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Orcasphere » U.S.+Canada recovery process, U.S. whale watching industry
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U.S.+Canada recovery process, U.S. whale watching industry


10:00 Lynne Barre, NWFSC

  • Critical habitat can be modified.  A future step is designating habitat outside of the inland waters of WA.
  • Recovery plan implementation was started in 2003, well before the endangered listing in 2005.
  • Proposed regulations are under review… no date given for when rule-making will occur.
  • Consultations regarding potential impacts result in letters of concurrence or biological opinions; records are kept in public on their website…
  • Prevention of oil spills is a high priority (WDFW is adding the Oct 2007 workshop‘s hazing plan as appendix to the Northwest response plan)

10:30 Paul Cottrell, DFO (taking over for Marilyn Joyce as of last October, was originally a marine mammal biologist)

  • Canadian recovery strategy encompasses both northern and southern residents; transients (300-400 in population, rising with growing pinniped population) are listed as threatened and a recovery strategy is forthcoming; offshores are currently listed as species of concern, but are under review for upgrading to threatened.
  • Southern residents were originally listed under COSEWIC (coh-see-wick); Recovery strategy was published on the SARA Registry in March , 2008
  • Considering general regulations in addition to 100m approach limits; SARA has specific prohibitions
  • Marine Mammal Response Network (headed by Lisa Stavings) is doing a series of workshops and has monitoring handouts for volunteers
  • There is a potential mechanism for licensing (schedule 6), however it is not an option in the regulations that are being amended.  If industry continues to grow, a licensing schedule could be implemented through a public review process.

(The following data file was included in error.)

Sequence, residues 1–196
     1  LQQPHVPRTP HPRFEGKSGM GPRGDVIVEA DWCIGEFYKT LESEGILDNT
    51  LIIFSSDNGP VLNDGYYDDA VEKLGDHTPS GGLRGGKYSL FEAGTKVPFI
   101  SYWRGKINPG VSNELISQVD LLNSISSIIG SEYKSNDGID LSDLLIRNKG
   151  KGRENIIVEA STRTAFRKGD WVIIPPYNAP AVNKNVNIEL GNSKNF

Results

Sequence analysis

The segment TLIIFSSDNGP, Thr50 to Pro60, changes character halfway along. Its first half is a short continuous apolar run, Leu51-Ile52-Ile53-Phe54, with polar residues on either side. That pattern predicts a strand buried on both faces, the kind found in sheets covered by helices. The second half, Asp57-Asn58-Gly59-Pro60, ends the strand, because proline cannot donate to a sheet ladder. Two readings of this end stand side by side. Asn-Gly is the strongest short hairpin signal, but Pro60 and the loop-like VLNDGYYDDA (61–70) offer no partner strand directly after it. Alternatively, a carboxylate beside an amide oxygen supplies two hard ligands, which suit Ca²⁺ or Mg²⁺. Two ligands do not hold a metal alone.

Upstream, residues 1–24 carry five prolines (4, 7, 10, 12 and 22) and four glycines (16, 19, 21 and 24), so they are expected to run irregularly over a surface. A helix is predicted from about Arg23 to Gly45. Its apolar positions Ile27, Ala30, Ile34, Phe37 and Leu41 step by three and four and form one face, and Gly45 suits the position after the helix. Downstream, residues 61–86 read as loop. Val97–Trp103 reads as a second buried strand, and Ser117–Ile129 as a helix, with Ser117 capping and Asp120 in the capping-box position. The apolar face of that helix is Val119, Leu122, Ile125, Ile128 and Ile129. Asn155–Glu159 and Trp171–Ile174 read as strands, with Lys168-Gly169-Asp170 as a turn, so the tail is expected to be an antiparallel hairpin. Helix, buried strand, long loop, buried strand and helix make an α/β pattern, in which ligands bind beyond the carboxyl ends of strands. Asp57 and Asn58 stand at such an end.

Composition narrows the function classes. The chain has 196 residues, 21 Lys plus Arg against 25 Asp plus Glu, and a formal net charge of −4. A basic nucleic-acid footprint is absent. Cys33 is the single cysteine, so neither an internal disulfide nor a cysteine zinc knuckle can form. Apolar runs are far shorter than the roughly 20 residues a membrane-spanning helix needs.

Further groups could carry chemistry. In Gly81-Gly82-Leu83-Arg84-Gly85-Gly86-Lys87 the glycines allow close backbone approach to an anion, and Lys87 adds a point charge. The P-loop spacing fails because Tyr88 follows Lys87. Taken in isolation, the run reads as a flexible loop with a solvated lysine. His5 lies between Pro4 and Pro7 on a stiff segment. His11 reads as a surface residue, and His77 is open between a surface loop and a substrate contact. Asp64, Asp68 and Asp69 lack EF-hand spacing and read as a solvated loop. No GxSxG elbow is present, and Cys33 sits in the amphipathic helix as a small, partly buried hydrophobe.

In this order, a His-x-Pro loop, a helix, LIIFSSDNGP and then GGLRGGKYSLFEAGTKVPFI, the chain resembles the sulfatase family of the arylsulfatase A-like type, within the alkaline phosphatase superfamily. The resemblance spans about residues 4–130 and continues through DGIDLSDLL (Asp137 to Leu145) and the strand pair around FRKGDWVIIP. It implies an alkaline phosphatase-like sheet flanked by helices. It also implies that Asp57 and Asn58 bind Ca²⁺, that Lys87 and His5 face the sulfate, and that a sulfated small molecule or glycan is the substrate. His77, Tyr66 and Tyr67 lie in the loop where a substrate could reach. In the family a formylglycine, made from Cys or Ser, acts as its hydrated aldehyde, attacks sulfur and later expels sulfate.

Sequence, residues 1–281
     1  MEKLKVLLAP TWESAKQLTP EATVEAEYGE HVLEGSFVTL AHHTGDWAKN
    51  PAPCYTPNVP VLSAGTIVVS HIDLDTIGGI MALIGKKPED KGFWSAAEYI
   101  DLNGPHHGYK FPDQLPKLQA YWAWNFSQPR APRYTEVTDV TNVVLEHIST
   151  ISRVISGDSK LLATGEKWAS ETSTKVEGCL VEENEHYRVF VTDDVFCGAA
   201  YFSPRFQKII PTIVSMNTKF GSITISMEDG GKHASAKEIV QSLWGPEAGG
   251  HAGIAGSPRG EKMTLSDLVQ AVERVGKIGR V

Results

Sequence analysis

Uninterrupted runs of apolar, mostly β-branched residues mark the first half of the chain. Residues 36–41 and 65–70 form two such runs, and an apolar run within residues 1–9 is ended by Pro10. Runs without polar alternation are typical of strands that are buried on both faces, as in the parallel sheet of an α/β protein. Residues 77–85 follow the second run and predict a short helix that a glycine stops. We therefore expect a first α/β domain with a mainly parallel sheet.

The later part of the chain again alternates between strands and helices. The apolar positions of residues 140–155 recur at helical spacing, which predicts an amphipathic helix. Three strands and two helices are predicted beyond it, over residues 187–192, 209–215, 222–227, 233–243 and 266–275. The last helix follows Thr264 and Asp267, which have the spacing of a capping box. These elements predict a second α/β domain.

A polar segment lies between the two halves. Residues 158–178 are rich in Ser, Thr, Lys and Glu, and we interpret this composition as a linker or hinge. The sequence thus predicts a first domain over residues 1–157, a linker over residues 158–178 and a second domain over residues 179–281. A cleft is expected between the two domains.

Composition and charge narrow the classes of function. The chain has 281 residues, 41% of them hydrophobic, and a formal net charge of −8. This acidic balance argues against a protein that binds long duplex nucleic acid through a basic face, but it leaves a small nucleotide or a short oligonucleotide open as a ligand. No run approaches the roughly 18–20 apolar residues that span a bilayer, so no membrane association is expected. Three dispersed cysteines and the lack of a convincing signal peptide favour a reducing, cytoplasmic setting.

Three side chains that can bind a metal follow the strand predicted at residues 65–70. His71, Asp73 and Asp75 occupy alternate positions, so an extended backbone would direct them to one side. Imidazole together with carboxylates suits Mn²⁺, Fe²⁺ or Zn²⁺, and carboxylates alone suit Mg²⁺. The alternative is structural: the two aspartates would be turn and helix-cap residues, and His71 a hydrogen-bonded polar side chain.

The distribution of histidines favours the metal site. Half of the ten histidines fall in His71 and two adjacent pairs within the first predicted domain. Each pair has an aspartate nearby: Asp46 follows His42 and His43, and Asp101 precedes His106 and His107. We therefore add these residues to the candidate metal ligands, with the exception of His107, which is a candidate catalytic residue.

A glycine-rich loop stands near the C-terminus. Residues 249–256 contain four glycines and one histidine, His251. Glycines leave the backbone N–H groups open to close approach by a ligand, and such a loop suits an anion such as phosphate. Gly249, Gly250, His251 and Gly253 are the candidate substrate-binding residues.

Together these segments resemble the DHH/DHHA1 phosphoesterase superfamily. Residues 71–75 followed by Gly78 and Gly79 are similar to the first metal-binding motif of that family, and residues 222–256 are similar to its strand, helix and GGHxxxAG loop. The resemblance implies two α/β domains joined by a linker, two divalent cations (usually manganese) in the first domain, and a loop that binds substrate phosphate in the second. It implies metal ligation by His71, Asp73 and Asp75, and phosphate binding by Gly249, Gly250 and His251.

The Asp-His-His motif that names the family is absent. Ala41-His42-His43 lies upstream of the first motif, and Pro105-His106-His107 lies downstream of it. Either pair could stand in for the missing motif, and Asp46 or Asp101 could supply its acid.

Suzanne Russell, NMFS/NWFSC, “People of the U.S. Whale Watching Industry”

  • Goal is to collect baseline data on the socio-cultural nature of the industry
  • Started with a voluntary survey in June-November, 2006 (112 returns, 64% response rate); supplemented with interviews and field observations
  • Analyzed overall, and broken down by sector (motorized vessel, kayak, land); further broken down by motorized vessel type (Tiers based on USCG regs — >65′ inspected, <65′ inspected multiple vessels, <65′ inspected single vessel, etc), as well as geographically (mainland vs island), and in some cases non/owner.
  • Results (details coming in a forthcoming report)
  1. Demographics: majority in industry are >45y and have some college education; biggest boats are all based on mainland; owners have typically been in industry the longest are predominanty in kayak, island groups, while land-based portion of industry is relatively new.
  2. Big boats operate out of mainland and operate more tours overall; more multiple daily trips are made out of Islands.
  3. Boats have become bigger and faster over the years; companies have expanded to other wildlife (beyond orcas).
  4. Effects on the local community: many responses emphasized educational effect (e.g. taking school groups out)

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